Another meeting was convened by the army chief on August 19 with senior army officers. On Mushtaq's directives, two killers -- Major Rashid and Major Faruk -- attended the meeting “to explain the coup”.
At the beginning of his speech, Major Rashid claimed that all the senior army officers were aware of the coup beforehand. Even the Dhaka brigade commander, Shafayet, was also aware of it.
No one protested Rashid's statement, Shafayat Jamil wrote in his book.
“You all are liars, mutineers and deserters. You all are murderers. Tell your Mushtaq that he is a usurper and a conspirator. He is not my president. In my first opportunity, I shall dislodge him and you all be tried for your crimes,” Shafayat Jamil told Rashid and Faruk.
The meeting ended in chaos.
On August 22, the army chief met Mushtaq at the Bangabhaban and tried to convince him to bring back the troops stationed there. Major Rashid, Major Faruk and some of their cohorts had been staying there since August 15, according to Shafiullah's statement.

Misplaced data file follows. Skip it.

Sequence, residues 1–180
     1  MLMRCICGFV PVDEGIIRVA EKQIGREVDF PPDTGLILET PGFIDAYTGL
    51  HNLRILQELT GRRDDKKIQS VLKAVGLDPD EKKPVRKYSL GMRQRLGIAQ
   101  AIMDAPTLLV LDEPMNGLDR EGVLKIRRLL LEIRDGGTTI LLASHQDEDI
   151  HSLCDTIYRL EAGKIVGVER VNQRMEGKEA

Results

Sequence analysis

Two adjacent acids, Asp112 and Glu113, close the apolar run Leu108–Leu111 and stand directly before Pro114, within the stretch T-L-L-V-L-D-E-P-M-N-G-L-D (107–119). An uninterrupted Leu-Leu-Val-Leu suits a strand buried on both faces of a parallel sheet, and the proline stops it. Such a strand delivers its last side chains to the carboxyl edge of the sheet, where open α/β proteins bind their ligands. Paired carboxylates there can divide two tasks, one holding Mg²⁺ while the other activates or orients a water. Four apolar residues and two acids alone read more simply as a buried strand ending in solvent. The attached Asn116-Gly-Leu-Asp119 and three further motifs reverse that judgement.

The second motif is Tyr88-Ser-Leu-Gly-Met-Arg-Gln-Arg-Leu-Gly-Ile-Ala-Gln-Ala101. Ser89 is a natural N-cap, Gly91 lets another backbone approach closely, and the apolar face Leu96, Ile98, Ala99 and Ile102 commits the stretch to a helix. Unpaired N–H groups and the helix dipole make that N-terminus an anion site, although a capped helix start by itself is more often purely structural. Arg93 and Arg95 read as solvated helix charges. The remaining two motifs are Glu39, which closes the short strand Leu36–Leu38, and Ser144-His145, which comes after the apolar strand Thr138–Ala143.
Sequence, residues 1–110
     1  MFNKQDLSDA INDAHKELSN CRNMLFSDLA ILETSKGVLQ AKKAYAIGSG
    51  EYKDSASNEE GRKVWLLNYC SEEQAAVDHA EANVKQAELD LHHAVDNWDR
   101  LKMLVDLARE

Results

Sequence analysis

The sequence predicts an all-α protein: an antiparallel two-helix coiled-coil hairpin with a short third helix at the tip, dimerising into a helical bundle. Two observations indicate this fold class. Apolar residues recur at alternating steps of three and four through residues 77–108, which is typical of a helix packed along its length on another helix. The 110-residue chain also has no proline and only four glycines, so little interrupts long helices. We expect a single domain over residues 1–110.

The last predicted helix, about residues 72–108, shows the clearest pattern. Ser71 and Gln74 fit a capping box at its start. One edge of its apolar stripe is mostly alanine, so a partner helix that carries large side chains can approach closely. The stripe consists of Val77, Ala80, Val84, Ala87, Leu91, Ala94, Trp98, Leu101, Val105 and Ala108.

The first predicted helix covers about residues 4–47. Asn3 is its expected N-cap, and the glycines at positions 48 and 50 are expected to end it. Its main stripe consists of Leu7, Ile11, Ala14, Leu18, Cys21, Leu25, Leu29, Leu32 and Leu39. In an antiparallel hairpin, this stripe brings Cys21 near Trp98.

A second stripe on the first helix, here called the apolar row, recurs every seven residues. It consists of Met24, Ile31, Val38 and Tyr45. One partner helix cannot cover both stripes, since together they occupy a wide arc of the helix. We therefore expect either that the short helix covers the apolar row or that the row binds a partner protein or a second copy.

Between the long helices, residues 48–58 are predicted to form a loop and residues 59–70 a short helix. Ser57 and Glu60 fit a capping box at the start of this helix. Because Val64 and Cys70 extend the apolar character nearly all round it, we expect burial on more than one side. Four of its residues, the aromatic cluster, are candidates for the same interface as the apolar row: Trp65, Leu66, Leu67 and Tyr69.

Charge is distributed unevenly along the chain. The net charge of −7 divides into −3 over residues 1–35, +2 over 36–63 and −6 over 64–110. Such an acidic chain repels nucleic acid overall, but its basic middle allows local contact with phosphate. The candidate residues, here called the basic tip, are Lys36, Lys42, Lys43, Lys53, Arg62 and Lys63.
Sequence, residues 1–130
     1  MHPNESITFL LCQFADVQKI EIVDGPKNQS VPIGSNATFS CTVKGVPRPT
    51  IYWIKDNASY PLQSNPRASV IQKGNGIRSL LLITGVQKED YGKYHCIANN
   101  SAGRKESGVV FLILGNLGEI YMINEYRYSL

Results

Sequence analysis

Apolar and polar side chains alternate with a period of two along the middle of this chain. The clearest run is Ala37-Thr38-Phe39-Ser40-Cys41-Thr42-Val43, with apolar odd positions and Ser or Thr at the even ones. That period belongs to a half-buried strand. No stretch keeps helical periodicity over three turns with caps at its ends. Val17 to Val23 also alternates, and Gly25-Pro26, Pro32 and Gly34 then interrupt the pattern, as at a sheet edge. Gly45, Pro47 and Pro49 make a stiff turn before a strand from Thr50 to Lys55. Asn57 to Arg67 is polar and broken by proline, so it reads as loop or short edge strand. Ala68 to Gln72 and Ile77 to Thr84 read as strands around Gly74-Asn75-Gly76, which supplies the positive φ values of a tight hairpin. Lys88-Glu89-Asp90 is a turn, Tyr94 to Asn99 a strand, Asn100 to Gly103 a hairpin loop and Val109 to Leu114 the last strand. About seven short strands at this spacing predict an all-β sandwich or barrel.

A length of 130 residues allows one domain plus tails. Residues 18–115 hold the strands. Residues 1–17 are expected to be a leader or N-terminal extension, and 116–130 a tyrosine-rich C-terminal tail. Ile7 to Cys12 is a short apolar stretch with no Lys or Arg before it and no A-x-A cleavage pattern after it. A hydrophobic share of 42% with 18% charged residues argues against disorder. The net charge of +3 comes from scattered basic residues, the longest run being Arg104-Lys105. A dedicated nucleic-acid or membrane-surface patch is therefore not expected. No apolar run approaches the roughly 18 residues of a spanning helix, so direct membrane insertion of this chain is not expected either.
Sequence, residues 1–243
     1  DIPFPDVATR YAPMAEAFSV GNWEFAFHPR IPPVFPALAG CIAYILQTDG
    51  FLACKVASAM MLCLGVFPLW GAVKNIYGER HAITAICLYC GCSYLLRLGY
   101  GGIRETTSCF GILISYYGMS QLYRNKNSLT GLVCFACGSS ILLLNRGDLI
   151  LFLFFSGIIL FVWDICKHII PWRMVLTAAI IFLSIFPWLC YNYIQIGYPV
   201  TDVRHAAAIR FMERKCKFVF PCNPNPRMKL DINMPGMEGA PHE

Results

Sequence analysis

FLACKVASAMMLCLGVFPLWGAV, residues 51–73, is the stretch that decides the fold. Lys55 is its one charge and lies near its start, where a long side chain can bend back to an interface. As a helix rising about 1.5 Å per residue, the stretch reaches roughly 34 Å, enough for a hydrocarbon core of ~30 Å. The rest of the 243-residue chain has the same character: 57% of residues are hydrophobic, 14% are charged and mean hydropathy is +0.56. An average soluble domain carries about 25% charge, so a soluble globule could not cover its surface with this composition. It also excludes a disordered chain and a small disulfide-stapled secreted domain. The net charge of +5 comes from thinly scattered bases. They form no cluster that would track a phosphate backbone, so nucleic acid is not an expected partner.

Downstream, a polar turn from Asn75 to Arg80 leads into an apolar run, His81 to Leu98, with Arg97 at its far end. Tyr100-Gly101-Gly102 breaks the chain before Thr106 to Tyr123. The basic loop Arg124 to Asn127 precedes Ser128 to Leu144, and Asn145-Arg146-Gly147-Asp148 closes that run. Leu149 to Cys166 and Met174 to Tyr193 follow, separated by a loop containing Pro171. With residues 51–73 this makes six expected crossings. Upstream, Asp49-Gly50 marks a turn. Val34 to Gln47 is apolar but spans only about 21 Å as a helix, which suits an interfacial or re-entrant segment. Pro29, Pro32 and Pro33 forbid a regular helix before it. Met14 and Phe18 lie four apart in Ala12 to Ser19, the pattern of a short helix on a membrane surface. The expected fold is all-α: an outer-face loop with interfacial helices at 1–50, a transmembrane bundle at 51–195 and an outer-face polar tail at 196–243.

Mushtaq did not agree. “Wait and see,” he told the army chief.
On August 24, Mushtaq summoned Shafiullah to meet him at the Bangabhaban. Shafiullah went there as the army chief. But after returning to the cantonment, he found Ziaur Rahman taking over the office of the chief of army.
Shafiullah was not aware of the appointment of Gen Zia as the chief of army until he met Mushtaq.
Air chief AK Khandker was replaced on August 18 by Group Captain Ghulam Tawab who opted for staying in Pakistan during the Liberation War and went on retirement after the country's independence and was staying in Germany.
MH Khan, however, served as the naval chief until November 3, 1975.
The move to take action against the killers failed. Rather, they were rewarded.